A: Yes, and you probably know the gut microbiome has its own circadian rhythm. And many times we’re beginning to realize the gut microbiome receives information in terms of even circulating melatonin. They actually receive information from blue light receptors in our retina. If you’re getting blue light at 11pm, it’s the middle of summer in Minnesota, and you should be eating and awake, but if you’re sitting in front of computer/tv and getting bombarded by blue light at night, you’re not only screwing up your brain melatonin, but you’re probably changing the circadian rhythm of your gut flora.
(ME): Very interesting. I’m definitely a blue light nazi- I keep away from blue light. I’m assuming that you also put emphasis on that.
A: Yes, blue light is great in the morning, it’s great right after lunch when everyone is falling asleep, but after 6pm, particularly in the winter, you have to put blue blockers on, or you have to put a red filter on your screens. There’s actually a great new lightbulb that’s come out, called the sleep light, by lighting sciences. It just got released and got a big write-up. He knows these guys. It’s been put out for mothers because they don’t sleep and it helps babies too. Even red lights weren’t doing it, so a light was invented that specifically emits no blue light. It is a LED light but looks like a regular light bulb. The mother can see, she can read, it doesn’t wake her up, and it’s almost as if the baby is sleepwalking. She/he wakes up to eat, then falls back asleep, it’s really exciting.
(ME): Interesting, I have some cheaper fluorescent bulbs that block out the blue light, hopefully, they are blocking out all of the blue light. As far as the program that you’re talking about, f.lux, I spoke to a researcher who measured if there was blue light coming out of it. He said it was less, but there still is, which is interesting.
A: Yea so these guys are amazing scientists, they came about because of NASA, and on the space station one day is like 28 minutes or something like that. Their sleep patterns were so crazy disrupted. They worked with this company out of the Kennedy Space Center in Coco Beach, FL, to come up with lights that would totally eliminate the blue spectrum by using LED. It’s on in the space station; these lights are actually how they control sleeping patterns in the space center.
Lectins, Autoimmune Disease
Q: What percent of people with autoimmune conditions get better with a low-lectin diet?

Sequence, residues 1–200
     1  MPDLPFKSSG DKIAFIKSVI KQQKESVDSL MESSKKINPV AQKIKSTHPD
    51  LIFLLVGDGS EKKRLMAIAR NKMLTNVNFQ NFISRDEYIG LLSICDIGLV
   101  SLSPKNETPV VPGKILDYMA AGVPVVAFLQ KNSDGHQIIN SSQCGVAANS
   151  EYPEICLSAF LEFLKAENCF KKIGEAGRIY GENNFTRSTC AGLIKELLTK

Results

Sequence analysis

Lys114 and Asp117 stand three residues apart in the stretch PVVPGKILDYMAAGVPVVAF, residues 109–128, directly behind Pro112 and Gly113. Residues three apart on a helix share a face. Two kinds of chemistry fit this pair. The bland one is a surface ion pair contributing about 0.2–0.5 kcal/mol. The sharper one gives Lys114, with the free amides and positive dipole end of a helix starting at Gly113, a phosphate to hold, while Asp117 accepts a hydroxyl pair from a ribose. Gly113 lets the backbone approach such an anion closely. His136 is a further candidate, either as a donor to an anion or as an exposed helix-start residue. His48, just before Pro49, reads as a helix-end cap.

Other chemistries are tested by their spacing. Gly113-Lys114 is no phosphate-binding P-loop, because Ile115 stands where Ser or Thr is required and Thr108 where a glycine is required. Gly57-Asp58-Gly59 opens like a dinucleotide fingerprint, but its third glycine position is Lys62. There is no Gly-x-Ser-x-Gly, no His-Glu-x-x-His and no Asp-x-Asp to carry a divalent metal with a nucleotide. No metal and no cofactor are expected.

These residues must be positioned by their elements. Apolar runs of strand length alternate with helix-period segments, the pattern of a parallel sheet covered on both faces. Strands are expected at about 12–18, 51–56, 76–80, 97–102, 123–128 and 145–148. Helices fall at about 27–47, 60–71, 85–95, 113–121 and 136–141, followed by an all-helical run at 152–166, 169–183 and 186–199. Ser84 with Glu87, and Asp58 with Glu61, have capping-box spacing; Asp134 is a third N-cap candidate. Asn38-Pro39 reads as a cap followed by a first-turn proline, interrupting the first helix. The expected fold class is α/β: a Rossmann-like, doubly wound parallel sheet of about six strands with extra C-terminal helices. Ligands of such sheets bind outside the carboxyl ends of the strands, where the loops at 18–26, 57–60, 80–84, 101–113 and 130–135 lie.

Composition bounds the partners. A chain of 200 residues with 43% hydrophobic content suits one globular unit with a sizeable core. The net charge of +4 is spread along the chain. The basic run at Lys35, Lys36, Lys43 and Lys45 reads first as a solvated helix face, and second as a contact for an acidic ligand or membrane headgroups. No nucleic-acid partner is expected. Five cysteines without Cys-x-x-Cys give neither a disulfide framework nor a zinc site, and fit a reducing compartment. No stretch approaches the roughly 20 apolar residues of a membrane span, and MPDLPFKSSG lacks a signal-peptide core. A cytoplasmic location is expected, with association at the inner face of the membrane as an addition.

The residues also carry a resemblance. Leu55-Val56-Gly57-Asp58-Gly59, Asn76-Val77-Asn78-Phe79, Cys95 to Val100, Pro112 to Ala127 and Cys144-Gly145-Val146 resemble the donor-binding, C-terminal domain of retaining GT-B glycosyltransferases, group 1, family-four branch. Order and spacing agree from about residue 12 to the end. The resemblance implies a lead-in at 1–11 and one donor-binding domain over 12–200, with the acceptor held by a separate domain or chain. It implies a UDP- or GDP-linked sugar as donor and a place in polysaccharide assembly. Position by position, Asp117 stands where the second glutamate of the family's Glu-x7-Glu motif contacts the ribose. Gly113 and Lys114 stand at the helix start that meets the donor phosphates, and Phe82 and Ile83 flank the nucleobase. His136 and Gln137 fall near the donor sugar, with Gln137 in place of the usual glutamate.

A: All plant tissue have lectins in them, so you can’t completely get rid of lectins. Plants were here first. They had it great before animals arrived because nothing ate them. Plants don’t want to be eaten, they have a life. It’s difficult convincing people that plants have no desire for you to eat them or eat their seeds/babies unless their seeds end up being surrounded by an impermeable cell, surrounded by fruit, then they do want you to eat them so you’ll excrete the babies somewhere else. When plants arrive they have predators, particularly insects. Plants can’t run, or fight, but they are chemists. They can turn sunlight into matter, so they use chemical warfare. This chemical warfare causes the animal to not feel well and think, “You know, every time I eat these plant babies my stomach hurts,” or, “I’m not growing, I think I’ll go eat something else.” Plant and animal win, everyone’s happy. Then humans arrive. Plants to this day can’t imagine how stupid they are. We keep eating these things then keep taking prescriptions. The best example of that sort of feature: cows are designed to eat grasses. On the other hand, no other mammal has been seen eating grasses or grains. No great apes will, although occasionally baboons will. We have no system for interacting with the lectins of grasses. Our immune system sees lectins, leaves, tree leaves, and feels that you don’t have to get excited about them. Imagine what happened 10,000 years ago when we started interacting with the lectins of grasses, which we had never seen. Now all of a sudden you don’t have a gut flora that’s adapted to grass lectins, but your immune system has never seen these things. If you think of it from that standpoint, it makes a lot of sense. Men and women were 6 feet tall 10,000 years ago. Our brain was 15% bigger than it is today. All cultures that use agriculture, except the cultures who have lower lectin diet, have arthritis.